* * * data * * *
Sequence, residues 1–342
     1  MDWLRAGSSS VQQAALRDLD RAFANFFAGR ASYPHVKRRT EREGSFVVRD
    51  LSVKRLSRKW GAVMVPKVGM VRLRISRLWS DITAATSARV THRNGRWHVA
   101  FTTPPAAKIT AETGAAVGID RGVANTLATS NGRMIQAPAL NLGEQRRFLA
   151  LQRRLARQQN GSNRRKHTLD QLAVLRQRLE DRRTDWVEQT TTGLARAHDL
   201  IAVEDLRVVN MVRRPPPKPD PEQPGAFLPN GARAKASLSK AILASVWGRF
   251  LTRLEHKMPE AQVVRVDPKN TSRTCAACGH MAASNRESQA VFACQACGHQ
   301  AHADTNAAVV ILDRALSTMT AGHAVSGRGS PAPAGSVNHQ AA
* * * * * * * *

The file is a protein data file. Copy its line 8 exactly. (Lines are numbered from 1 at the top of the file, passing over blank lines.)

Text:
   301  AHADTNAAVV ILDRALSTMT AGHAVSGRGS PAPAGSVNHQ AA